Experts are warning that the benefits of economic recovery and growth will only be fully realised if there is continued investment in skills. (http://www.ukces.org.uk/press-release/investment-in-right-skills-key-to-economic-recovery,-warn-experts) The first National Strategic Skills Audit, commissioned by the Government and published by the UK Commission for Employment and Skills (UKCES), claims that the last decade has seen unprecedented increases in the number of people with qualifications.
However, the report warns that if the economic recovery is to continue it is important that future skills development needs are correctly identified and prioritised. If this is not achieved then the country runs the risk of increased skills shortages and under-employment, it says.
It also finds that:
- The number of people reported as ‘not fully proficient’ at their jobs has increased by 400,000 from 1.3m in 2005 to 1.7m in 2009;
- Leadership and management skills and technical skills are in need of particular improvement;
- The UK’s growth in highly skilled jobs is one of the lowest in the OECD.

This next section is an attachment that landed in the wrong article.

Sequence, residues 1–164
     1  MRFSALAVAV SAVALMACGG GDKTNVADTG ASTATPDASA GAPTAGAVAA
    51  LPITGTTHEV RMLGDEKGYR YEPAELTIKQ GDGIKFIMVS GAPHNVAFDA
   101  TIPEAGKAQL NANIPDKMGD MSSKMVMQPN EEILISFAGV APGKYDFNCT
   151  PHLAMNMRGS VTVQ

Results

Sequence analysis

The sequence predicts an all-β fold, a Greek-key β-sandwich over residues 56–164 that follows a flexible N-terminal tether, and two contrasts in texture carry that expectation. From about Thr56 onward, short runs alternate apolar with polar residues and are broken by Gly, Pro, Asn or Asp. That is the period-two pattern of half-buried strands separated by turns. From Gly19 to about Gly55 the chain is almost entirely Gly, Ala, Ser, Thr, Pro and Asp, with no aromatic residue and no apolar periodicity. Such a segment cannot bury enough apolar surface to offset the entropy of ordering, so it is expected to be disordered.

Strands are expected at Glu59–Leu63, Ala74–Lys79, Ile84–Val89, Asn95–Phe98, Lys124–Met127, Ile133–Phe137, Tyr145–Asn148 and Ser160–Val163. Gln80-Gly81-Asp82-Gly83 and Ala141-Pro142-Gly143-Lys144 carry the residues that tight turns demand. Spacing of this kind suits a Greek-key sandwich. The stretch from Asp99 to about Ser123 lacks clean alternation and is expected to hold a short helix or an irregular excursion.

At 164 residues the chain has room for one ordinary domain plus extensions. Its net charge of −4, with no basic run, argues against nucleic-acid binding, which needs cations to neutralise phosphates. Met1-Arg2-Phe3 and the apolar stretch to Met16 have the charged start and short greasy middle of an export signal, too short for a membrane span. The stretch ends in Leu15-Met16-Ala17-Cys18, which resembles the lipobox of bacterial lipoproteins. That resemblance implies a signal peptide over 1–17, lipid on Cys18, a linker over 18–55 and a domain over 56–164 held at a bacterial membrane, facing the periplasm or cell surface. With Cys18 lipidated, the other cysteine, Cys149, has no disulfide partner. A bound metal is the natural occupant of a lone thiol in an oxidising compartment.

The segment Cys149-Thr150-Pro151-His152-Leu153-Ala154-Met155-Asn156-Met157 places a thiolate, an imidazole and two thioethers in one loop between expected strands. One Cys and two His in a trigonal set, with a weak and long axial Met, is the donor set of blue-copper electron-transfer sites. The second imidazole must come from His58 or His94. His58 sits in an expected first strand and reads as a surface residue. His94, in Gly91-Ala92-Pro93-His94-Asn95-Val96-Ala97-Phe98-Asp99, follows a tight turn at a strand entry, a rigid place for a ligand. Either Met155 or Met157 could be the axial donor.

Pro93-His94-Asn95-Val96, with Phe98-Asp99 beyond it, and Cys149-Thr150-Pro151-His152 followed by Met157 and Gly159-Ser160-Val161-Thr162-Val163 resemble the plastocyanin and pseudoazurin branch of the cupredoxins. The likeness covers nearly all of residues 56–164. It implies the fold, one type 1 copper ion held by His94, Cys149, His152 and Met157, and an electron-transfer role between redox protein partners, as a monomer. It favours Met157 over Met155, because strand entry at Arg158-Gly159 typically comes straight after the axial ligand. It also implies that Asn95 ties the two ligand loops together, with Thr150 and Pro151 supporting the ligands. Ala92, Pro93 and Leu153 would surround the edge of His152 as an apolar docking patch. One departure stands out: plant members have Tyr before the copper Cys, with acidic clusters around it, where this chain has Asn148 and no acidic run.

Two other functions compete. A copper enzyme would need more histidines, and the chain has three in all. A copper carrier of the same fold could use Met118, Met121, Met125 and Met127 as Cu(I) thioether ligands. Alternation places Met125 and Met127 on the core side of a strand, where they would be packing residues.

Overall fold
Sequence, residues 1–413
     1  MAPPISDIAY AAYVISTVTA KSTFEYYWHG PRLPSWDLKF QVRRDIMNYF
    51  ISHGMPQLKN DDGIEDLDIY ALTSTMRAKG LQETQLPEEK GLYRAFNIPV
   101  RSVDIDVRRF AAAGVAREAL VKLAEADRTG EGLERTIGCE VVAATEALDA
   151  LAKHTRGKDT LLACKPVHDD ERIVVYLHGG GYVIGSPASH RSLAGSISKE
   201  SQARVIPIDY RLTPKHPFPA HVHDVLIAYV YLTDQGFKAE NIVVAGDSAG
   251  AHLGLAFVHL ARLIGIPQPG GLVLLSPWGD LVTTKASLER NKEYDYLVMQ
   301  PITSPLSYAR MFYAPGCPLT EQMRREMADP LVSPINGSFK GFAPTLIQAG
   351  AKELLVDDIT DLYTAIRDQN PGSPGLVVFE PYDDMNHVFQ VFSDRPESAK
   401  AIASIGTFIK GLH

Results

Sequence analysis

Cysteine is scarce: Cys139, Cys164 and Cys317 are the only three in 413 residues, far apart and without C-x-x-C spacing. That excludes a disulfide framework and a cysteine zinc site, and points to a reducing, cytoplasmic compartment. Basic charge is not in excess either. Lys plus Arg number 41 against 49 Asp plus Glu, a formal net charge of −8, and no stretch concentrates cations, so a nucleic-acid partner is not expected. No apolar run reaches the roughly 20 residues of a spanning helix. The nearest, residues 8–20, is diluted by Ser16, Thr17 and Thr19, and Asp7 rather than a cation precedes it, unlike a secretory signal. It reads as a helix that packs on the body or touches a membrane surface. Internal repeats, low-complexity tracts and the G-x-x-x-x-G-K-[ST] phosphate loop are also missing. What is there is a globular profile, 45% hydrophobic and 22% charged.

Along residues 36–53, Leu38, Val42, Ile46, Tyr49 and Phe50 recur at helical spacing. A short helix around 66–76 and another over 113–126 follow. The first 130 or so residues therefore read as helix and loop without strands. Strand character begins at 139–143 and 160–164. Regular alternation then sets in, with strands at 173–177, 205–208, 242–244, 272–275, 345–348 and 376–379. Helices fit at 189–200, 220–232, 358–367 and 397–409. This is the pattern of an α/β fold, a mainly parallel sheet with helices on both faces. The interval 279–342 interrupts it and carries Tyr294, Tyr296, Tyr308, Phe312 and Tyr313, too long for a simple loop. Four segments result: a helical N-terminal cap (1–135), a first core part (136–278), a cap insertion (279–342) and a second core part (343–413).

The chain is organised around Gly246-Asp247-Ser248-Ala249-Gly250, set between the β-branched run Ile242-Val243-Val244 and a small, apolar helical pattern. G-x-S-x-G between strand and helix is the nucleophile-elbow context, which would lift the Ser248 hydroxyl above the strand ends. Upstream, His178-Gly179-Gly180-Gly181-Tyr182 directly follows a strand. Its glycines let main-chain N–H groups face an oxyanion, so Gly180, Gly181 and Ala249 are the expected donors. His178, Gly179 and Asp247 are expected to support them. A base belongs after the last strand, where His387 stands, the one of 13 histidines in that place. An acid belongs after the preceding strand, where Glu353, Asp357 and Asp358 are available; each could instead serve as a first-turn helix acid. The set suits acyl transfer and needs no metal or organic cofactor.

Comment: Having as many as 1.7m people in this country being ‘not fully proficient’ at their jobs is, perhaps, understandable to anyone with any degree of valid experience of the world of work. Yet it is a damning indictment of ‘UK plc’s’ training and development arrangements.
It is particularly worrying when this statistic is taken together with the fact that ‘Leadership and management skills … are in need of particular improvement’.
The UKCES is supposed to ‘provide vigorous and independent challenge, advising government at the highest levels across the UK on employment and skills strategy, targets, policies and progress towards challenging competitiveness goals’.
This report would suggest that those at the top of their industries and professions are deficient in leadership and management skills – and, frankly, are ‘not fully proficient’ at their jobs. The UKCES is to be congratulated on having the courage to point this out to those at the head of the political profession.
No doubt they, like everyone in any sector who has risen to the top, will consider themselves ‘special cases’ and immune from any criticism. After all, developing skills is always something that other people need to do.